Zhai Lin, a member of the Chinese women's sprint relay team which beat Thailand in Bangkok (Charlie Lee) © Copyright
General News 2 November 2002 – Bangkok, Thailand

China dominates Asian Juniors - Review

Bangkok, ThailandAt the 10th Asian Junior Athletic Championships in Bangkok this week, the Chinese dominated as usual, repeating their strong showing at the (senior) Asian Games in Busan just weeks earlier.

The Japanese juniors, coming here in the wake of their seniors’ disappointing showing in Busan, where they won only two gold medals, showed they will be a force in this region for years to come.

The South Koreans, who couldn’t capitalize on home ground advantage at the Asiad, had another average meet in Bangkok. The Indians, whose outstanding performances in Busan created a stir, showed their juniors also to be a force to be reckoned with, though they didn’t enjoy the level of success their seniors did in Busan. Finally, emerging countries like Qatar and Kuwait demonstrated in no uncertain terms that their athletes can be counted on, not only to win medals but also to deliver quality  “record breaking” performances.

In terms of the medal count, the Chinese were way ahead of the rest. They won 22 gold medals compared to closest rivals Japan (9) and Qatar (6). The Chinese women, in particular, proved most dominant. In all, they won 17 gold medals. But in terms of performances of the highest quality, few came from them compared to previous meets.

For instance, the times clocked by their distance runners were nothing like track watchers have come to expect from the country that has produced stars like Wang Junxia and Qu Yunxia. In winning the 3,000m, Zhang Yuhong, who also won the 10,000m, managed 9:36.53 – a time that was about a minute slower than the Asian junior mark of Ma Ningning set way back in 1993.

Then in the 400m hurdles, winner Xiao Hongfan clocked a modest 59.28 compared to the Asian junior mark of 54.93, established by compatriot Li Rui in 1997. Also in the 800m, Ji Siyu won in 2:08.04 as opposed to the Asian junior record of 1:57.18 set by Wang Yuan in 1993. Only athletes like Xu Shaoyang (62.54m in the Discus) and Zhang Wenxiu (66.10m in the Hammer throw) brought back memories of China’s overwhelming power in previous meets.

The Chinese men – traditionally less impressive than their female team mates in international contests - won considerably less events, but their performances were of a fairly high standard. For example, Gu Jun Jie set a new meet record in the triple jump (16.73m).

And, as icing on the cake, the Chinese actually won the meet’s most coveted gold – the men’s century sprint. There Liu Dapeng (10.74 secs) beat the highly-fancied Japanese Masaya Aikawa (10.83), with Indonesia’s new find Suryo Agung Wibowo an impressive second (10.81). One of the hot favourites for the race Sugasawa Takahiro, credited with a PB of 10.42, managed only fifth in 10.83.

This disappointment aside, Japan can hardly be dissatisfied with its performances here. Its men – traditionally stronger than its ladies in international competitions – did well to bag most of its gold medals. The 4x100m relay quartet of Masaya Aikawa, Shinji Takahira, Hiroyuki Noda and Yasutaka Matsunaga broke the old Asian junior mark held by China (39.47 secs) with their effort of 39.30 secs.

The 4x400m relay team of Shinji, Hiroyuki, Yuki Yamaguchi and Yushi Nakata also did well to bag the gold. Yuki also continued Japan’s traditional strength in the 400m with a well-deserved win (47.11 secs) over Sri Lanka’s Manoi P.W.Pushpakumara (47.38) and India’s Sudam Marandi (47.93).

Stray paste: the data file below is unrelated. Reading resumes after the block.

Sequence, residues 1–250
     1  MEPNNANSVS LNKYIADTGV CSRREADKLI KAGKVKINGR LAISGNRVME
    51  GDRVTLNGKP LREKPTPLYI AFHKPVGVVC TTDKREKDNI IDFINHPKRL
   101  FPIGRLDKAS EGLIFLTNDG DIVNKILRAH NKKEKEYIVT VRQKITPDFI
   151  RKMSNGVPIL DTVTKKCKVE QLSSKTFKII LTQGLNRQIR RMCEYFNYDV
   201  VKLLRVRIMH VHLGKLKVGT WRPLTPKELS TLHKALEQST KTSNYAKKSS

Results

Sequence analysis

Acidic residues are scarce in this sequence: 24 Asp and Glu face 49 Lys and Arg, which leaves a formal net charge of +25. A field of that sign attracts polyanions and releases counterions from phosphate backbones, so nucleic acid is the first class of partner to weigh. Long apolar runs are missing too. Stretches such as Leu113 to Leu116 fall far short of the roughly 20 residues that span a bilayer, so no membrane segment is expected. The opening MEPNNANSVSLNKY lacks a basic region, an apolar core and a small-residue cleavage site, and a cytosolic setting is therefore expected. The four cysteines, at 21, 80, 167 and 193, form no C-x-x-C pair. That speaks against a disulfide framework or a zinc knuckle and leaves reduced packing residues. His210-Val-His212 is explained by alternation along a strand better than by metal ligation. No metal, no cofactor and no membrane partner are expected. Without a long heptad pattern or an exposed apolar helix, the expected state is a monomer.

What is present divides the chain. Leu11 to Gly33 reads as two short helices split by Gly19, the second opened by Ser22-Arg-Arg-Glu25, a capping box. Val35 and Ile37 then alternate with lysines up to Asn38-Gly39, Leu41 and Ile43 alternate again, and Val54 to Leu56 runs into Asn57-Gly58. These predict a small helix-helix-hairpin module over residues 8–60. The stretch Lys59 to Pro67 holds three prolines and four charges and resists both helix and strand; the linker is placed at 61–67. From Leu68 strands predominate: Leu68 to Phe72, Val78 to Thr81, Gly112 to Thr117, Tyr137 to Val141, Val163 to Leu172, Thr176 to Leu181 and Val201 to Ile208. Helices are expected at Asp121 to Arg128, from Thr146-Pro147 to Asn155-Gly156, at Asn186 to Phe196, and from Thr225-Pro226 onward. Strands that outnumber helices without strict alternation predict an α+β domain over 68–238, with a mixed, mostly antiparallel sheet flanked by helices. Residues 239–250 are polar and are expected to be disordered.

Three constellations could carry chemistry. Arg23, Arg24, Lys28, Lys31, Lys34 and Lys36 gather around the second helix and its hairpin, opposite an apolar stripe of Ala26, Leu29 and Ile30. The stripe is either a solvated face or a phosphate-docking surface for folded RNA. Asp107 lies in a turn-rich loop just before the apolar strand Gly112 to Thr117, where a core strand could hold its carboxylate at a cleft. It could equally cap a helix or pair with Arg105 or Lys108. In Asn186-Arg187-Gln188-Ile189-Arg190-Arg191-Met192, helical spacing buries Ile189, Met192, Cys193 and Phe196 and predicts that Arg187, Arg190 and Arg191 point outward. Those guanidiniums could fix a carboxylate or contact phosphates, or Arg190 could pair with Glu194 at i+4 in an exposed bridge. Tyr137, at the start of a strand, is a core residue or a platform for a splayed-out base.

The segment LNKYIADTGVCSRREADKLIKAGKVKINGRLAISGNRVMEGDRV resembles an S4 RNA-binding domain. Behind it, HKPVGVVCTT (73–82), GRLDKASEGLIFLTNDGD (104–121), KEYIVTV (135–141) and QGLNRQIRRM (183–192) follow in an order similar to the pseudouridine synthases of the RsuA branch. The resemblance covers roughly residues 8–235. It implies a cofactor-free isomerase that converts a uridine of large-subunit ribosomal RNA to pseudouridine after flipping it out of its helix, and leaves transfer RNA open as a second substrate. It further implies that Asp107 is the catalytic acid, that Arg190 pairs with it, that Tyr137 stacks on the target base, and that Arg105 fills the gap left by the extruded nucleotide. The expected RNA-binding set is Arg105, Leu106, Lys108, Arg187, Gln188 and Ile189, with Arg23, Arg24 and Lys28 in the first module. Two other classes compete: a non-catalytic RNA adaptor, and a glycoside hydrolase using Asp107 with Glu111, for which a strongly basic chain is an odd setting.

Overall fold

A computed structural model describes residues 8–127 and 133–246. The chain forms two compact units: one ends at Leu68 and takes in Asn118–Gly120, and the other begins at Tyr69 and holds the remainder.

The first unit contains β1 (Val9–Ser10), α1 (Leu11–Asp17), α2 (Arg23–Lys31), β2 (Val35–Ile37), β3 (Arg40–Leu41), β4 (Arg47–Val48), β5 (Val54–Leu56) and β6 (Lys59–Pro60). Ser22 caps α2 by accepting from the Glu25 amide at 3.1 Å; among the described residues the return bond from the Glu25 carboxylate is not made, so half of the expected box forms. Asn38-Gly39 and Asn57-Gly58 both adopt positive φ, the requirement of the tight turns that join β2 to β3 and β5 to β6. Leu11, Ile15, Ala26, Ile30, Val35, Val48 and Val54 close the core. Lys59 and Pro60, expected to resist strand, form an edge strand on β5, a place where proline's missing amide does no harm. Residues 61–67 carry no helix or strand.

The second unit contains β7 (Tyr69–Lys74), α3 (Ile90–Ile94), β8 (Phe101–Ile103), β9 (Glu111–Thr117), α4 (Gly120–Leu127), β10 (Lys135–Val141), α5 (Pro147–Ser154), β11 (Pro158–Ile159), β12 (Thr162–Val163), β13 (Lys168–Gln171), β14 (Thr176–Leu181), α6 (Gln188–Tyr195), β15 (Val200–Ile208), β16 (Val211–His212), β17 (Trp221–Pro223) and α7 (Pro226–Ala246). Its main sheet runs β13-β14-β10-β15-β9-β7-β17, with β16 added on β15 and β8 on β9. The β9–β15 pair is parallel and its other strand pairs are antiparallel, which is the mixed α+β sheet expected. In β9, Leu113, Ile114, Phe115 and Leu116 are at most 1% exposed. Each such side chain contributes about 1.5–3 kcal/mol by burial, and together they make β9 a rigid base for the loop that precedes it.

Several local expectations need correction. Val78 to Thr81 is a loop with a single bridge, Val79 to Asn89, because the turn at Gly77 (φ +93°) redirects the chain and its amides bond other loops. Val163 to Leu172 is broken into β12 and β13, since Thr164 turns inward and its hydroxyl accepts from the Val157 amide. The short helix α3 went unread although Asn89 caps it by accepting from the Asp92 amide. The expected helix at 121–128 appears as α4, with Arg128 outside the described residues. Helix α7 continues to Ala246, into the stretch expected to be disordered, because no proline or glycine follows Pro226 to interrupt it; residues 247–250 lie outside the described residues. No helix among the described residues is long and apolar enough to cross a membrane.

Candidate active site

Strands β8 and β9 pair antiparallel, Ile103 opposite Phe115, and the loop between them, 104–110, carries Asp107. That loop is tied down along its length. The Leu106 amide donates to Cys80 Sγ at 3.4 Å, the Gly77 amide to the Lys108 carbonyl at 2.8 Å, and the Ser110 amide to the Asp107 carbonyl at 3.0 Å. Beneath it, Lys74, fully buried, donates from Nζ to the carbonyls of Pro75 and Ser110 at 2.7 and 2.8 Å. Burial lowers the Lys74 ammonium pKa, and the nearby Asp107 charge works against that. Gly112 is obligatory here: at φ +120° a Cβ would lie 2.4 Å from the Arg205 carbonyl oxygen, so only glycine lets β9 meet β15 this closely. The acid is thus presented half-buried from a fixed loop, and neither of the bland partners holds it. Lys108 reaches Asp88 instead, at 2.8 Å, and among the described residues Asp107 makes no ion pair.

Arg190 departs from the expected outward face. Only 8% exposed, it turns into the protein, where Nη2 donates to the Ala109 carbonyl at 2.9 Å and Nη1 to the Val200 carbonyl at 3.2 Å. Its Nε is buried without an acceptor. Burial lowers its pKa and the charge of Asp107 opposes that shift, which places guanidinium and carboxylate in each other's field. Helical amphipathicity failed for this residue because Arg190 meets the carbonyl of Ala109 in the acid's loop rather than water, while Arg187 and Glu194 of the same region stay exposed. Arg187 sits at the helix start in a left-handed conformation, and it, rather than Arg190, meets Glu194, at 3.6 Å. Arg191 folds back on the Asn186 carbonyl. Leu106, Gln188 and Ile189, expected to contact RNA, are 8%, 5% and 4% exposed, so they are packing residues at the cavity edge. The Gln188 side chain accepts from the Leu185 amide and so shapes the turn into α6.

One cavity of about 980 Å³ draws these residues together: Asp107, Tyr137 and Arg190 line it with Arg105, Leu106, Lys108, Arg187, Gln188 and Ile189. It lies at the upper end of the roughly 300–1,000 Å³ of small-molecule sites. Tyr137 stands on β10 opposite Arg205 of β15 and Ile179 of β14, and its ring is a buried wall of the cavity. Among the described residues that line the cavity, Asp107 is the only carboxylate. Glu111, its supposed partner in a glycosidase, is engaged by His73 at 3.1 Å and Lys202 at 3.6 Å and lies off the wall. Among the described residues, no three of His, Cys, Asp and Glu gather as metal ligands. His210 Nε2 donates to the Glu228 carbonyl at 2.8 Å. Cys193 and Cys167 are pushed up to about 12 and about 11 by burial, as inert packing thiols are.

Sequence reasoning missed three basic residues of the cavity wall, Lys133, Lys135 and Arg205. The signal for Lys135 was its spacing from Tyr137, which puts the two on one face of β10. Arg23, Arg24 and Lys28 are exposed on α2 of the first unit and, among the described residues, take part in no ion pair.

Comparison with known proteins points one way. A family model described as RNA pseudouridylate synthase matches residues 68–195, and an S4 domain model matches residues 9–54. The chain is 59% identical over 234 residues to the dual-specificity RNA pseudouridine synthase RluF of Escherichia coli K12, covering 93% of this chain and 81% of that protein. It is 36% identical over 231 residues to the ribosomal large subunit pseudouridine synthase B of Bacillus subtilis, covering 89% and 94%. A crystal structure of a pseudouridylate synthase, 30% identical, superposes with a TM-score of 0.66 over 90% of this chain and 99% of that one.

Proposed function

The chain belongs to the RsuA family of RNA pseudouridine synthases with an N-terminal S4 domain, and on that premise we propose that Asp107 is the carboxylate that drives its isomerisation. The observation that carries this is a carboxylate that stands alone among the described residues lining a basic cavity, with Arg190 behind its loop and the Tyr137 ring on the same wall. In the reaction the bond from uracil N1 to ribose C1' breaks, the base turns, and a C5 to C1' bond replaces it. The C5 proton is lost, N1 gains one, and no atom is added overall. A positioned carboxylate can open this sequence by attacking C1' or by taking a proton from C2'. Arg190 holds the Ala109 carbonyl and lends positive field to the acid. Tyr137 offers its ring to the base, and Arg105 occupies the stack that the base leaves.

Though Qatar and Kuwait bagged less gold medals than the Chinese and Japanese, they may be said to have stood out most in terms of the quality of their performances. The Qataris, for instance, may not have the depth of the Chinese or Japanese but they sure gave the meet some of its best moments. For instance, Adam Abdu Adam Ali won the highly competitive 800m in a record-time of 1:47.17, just ahead of Iran's Sagad Moradi and India's Ghamanda Ram.

Not to be outdone, his team mate Khaled Habash M.Al-Suwaidi produced a distance of 63.17m in the Discus. Khaled was outstanding in the Shot Put too, in which he won the gold with 20.29m. Kuwait’s Zenkawi Ali shone in the Hammer throw with his distance of 74.93m.**

**NB. these three marks were the inaugural meet records as the weight of implements has changed - Discus 1.75kg; Shot and Hammer 6kg.

Hosts Thailand had an excellent chance of capturing the women's 4x100m relay gold. They led until 30 metres after the last baton change between Mapa Munlika and Sanrat Nongnuch, but a fast Chinese finisher, Zhu Juanhong, outsprinted Sanrat and went on to break the tape first in 45.05, a performance which fell only 0.30sec outside their own Asian Junior and Championships records.

In all, it was a good meet for the some 700 junior athletes, including those that came away with no medals. India’s Sinimol Poulose just missed out the honours in both the 800m and 1,500m. “I am disappointed but I am confident that, with more training, I will improve further,” she said.

The Chinese may have dominated but it would appear they didn’t field some of their very best. In the men’s 110m hurdles, for instance, Liu Xiang, the World junior record holder, wasn’t in the line up. Neither was discus thrower Wu Tao. Both have made a successful transition to the senior ranks with gold medals at the recent Asian Games in Busan. When asked about his performance, Zhang Yuhao, who won the silver in the discus here in Bangkok, said modestly, “Only OK. Wu Tao is much better than me.” Which raises a fascinating question – would the medal tally have changed much if the likes of Liu and Wu had been there?

Chua Chong Jin for the IAAF